By Lisa Loomis
Negotiations have resumed between the Town of Waitsfield and property owners from whom the Town wants to buy land for a wellhead protection area for a town water supply.
Originally the town warned the January 7 necessity hearing to present its plans to take "an interest in real estate adjacent to Reed Road incident to the development of a public drinking water source and fix the compensation to be paid therefore."
Now the town will continue its efforts to negotiate with two landowners, Virginia Houston and Jean Richards. Waitsfield needs to purchase .422 acres from Richards and .423 from Houston to complete a 125-foot radius around the well it drilled in the town right of way off the Reed Road. The well will provide the water for a municipal water system.
In 2006 Waitsfield tapped in a large aquifer within its town right of way on the Reed Road. That well is not too far from wells drilled by Virginia Houston in the 1990s when she tapped into what is thought to be one of the largest aquifers in New England.
If the town had moved forward with the "necessity hearing" the select board would have explained the need and process for taking the two parcels of land and then determined the appropriate compensation for the landowners. The town had the properties appraised and has already made an offer to each landowner.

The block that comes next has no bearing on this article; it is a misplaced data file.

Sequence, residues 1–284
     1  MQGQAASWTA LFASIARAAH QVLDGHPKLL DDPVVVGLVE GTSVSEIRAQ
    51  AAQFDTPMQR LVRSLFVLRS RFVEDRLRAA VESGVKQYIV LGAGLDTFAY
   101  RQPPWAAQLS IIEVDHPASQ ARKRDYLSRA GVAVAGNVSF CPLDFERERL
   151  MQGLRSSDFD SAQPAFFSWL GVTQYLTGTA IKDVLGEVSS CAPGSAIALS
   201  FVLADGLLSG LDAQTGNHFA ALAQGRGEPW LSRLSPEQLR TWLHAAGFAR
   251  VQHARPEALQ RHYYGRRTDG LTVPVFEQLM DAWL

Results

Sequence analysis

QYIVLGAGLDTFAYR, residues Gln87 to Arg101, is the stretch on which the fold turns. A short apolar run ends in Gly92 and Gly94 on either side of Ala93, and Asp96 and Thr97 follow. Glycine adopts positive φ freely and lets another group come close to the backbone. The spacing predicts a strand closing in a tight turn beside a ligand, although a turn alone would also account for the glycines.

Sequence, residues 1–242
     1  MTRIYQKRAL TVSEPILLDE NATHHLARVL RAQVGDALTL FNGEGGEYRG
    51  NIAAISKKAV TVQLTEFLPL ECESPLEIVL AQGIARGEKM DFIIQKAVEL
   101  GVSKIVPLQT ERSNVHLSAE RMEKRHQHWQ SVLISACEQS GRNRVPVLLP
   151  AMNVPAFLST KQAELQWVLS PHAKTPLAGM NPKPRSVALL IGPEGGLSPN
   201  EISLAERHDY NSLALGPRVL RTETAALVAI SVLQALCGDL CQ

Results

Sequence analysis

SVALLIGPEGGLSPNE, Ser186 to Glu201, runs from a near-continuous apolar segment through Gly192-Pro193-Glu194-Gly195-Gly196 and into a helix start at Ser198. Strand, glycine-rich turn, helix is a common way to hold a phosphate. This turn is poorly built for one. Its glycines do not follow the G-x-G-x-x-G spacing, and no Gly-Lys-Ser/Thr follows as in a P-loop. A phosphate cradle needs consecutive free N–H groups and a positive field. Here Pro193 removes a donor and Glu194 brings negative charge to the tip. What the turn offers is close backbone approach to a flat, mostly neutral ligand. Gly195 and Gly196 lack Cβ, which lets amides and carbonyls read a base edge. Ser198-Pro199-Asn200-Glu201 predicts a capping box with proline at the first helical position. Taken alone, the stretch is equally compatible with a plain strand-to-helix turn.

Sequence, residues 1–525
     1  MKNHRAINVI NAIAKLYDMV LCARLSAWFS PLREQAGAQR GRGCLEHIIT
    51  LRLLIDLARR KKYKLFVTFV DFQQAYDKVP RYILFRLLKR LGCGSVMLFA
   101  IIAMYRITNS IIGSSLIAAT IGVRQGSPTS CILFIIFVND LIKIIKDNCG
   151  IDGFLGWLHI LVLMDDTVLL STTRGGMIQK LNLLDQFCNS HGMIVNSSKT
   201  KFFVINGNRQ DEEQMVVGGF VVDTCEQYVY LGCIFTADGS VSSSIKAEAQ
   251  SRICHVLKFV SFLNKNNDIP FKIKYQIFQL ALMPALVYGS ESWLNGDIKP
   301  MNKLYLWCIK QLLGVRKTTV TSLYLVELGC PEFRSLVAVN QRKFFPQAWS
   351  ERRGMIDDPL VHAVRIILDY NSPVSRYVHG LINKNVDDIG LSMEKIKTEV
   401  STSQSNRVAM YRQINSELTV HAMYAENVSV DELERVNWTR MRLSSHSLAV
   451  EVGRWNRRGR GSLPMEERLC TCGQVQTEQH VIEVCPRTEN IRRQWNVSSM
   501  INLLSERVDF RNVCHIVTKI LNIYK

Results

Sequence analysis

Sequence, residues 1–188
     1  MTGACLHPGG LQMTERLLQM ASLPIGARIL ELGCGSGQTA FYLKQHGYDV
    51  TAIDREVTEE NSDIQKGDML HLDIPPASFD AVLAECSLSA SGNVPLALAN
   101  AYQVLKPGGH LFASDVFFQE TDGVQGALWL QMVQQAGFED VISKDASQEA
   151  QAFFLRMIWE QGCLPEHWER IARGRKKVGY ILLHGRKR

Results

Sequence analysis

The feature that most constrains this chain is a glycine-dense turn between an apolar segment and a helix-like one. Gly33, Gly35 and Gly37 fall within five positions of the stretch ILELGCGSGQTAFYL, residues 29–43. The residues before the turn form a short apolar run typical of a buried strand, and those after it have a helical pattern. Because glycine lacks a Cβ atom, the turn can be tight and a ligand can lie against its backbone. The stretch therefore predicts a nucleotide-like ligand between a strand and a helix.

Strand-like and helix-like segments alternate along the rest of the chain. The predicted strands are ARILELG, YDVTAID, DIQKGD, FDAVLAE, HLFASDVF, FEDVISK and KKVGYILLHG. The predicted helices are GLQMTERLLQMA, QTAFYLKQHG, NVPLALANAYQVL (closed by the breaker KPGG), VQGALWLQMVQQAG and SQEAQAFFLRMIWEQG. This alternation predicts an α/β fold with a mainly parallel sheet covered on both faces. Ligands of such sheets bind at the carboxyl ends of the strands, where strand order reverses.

Vermont statute requires that the landowners be paid fair market value for their land and that a town show the legitimate public interest that is served by the acquisition of private property.
Waitsfield is concurrently developing a public water and wastewater system and will ask voters to okay a bond vote for those projects next year. Once the wellhead protection radius is secured, Waitsfield plans to install a pipeline to bring the water to a storage facility on the former LeClair gravel pit off Bushnell Road -- assuming the bond vote passes. From there the water will be piped down Tremblay Road to Route 100.
The cost of the water and wastewater project is estimated at $7 million, of which the town has received $3 million in a USDA Rural Development grant and will bond for $4 million.
While Waitsfield has been seeking to purchase the two small parcels of land, Houston was appealing the town's action. She challenged the town's right to drill in the town right of way and lost that case in Vermont Superior Court. She took it to the Vermont Supreme Court, which late last month dismissed her lawsuit regarding whether the town could or drill in the right of way.